Exploring Egypt's Past
During her six years in Egypt, Dora Giffen was able to travel in addition to her work as a missionary. Much of that travel focused on the same sites that many Westerners in Egypt have been interested in: the ancient sites of Giza, the Valley of the Kings, and other similar places of archeological interest. Giffen was visiting these places at a particularly opportune time, as November of 1922 saw the discovery of the tomb of Tutankhamun ("King Tut"), perhaps the best known archeological find in Egypt's history. Just one month later, Giffen and a number of others visited the Valley of the Kings near Luxor, where the tomb is located.
The majority of the photos below are from the area around Luxor, all taken in a rather confined area on opposite sides of the Nile River. The Great, or Cheops, Pyramid at Giza is quite near to Cairo, as is the Great Sphinx. The island of Philae, which experiences flooding at the time of Inundation, is near Aswan, site of the well-known dam.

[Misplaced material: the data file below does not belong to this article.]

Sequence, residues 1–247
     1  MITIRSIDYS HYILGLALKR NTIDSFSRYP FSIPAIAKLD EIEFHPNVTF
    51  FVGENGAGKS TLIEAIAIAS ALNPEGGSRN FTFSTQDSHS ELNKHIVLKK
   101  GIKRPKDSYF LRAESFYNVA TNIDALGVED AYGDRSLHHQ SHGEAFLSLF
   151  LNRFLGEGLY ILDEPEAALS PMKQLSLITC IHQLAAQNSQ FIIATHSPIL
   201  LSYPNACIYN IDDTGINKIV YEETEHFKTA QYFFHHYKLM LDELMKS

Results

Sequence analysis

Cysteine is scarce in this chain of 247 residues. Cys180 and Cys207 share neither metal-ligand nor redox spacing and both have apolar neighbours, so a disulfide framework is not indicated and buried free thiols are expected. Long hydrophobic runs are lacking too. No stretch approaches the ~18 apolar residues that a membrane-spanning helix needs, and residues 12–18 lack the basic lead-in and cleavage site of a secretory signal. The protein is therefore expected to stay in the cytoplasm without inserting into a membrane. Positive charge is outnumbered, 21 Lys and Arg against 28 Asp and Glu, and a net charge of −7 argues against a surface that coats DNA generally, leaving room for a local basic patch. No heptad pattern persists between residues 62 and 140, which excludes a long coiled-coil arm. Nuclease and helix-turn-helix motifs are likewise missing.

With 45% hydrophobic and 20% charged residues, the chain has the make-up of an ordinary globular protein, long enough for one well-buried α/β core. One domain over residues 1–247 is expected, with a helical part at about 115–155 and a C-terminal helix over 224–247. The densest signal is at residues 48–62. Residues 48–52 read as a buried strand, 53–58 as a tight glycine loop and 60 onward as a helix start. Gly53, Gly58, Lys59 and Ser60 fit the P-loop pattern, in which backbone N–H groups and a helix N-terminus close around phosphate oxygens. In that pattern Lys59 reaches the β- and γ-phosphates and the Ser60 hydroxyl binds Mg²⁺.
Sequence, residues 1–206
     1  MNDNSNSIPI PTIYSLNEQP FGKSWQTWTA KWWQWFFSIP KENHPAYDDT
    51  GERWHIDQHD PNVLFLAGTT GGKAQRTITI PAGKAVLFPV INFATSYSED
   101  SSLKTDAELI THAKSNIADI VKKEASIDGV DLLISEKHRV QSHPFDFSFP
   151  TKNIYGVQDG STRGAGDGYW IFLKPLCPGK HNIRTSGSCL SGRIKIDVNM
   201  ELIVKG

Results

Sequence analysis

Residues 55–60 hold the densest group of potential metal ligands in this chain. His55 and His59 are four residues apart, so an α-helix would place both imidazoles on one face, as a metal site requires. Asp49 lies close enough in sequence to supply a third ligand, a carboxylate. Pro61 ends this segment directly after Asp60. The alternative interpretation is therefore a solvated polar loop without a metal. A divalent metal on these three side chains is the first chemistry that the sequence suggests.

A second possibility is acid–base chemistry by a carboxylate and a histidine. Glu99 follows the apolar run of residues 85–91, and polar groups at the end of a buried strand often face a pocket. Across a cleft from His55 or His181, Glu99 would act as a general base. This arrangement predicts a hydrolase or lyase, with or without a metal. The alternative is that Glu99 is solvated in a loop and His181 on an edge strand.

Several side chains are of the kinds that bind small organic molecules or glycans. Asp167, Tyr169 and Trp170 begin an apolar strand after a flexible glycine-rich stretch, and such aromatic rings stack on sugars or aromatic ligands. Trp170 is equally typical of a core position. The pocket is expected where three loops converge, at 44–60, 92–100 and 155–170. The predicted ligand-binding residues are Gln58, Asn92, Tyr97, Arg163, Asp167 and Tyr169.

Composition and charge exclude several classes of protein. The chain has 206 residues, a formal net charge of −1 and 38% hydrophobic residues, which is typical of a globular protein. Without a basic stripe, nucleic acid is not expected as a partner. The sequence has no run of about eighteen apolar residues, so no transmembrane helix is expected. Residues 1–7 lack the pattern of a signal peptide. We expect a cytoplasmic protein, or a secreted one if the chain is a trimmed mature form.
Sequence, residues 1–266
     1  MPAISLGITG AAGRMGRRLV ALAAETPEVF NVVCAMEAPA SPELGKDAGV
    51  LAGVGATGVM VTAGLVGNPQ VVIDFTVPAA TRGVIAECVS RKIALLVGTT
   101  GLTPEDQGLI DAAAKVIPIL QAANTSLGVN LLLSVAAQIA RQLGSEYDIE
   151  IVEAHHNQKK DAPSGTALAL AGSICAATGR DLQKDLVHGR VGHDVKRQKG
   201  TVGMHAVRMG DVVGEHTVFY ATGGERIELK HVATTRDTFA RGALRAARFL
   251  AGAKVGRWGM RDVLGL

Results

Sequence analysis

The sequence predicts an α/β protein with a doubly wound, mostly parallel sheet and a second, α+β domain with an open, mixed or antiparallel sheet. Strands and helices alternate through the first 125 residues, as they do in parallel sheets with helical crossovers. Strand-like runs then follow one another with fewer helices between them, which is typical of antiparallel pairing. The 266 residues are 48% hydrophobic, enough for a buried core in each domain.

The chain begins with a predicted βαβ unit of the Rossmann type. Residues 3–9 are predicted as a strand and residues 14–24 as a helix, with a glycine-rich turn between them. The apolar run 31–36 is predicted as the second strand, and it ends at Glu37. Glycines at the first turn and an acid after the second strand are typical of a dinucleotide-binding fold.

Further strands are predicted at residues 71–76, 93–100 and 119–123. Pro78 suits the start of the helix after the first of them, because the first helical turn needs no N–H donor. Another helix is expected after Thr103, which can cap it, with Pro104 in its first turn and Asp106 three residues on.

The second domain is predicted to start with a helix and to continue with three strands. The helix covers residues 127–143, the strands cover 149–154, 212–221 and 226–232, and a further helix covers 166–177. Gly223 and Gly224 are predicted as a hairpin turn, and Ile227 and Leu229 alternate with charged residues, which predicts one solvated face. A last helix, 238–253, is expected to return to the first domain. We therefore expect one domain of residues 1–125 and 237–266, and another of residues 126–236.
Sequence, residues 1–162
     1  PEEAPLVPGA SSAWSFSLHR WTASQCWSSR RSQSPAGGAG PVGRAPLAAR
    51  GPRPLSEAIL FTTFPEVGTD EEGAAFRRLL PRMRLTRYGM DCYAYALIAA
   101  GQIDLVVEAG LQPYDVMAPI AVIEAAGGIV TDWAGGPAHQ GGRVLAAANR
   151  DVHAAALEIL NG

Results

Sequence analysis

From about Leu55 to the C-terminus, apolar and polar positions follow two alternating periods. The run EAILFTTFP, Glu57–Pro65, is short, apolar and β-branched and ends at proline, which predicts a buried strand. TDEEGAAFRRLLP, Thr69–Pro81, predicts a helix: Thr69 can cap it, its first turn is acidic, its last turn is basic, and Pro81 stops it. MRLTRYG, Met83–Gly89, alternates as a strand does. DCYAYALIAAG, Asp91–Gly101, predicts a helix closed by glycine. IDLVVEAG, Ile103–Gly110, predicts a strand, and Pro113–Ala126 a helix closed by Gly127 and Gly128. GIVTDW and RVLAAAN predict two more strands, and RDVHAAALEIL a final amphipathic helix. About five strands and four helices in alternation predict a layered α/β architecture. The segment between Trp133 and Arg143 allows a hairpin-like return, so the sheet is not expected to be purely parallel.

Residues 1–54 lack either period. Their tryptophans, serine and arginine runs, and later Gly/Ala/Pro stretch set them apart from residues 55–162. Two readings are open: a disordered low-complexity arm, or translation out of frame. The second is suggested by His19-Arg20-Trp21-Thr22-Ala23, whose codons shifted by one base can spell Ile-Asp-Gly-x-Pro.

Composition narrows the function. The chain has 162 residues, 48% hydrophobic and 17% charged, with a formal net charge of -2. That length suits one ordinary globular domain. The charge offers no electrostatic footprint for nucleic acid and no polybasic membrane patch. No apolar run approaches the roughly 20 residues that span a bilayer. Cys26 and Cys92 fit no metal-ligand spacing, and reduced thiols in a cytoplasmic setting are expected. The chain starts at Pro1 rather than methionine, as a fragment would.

Dora Giffen's experiences in Egypt give us a glimpse of what life as an American in Egypt during the 1920s would have been like. It also gives us a sense of the level of isolation from Egyptian life which is possible among missionary communities. Finally, we get a sense of how Egypt was seen by the Western world during this period, particularly through these postcards of ancient sites.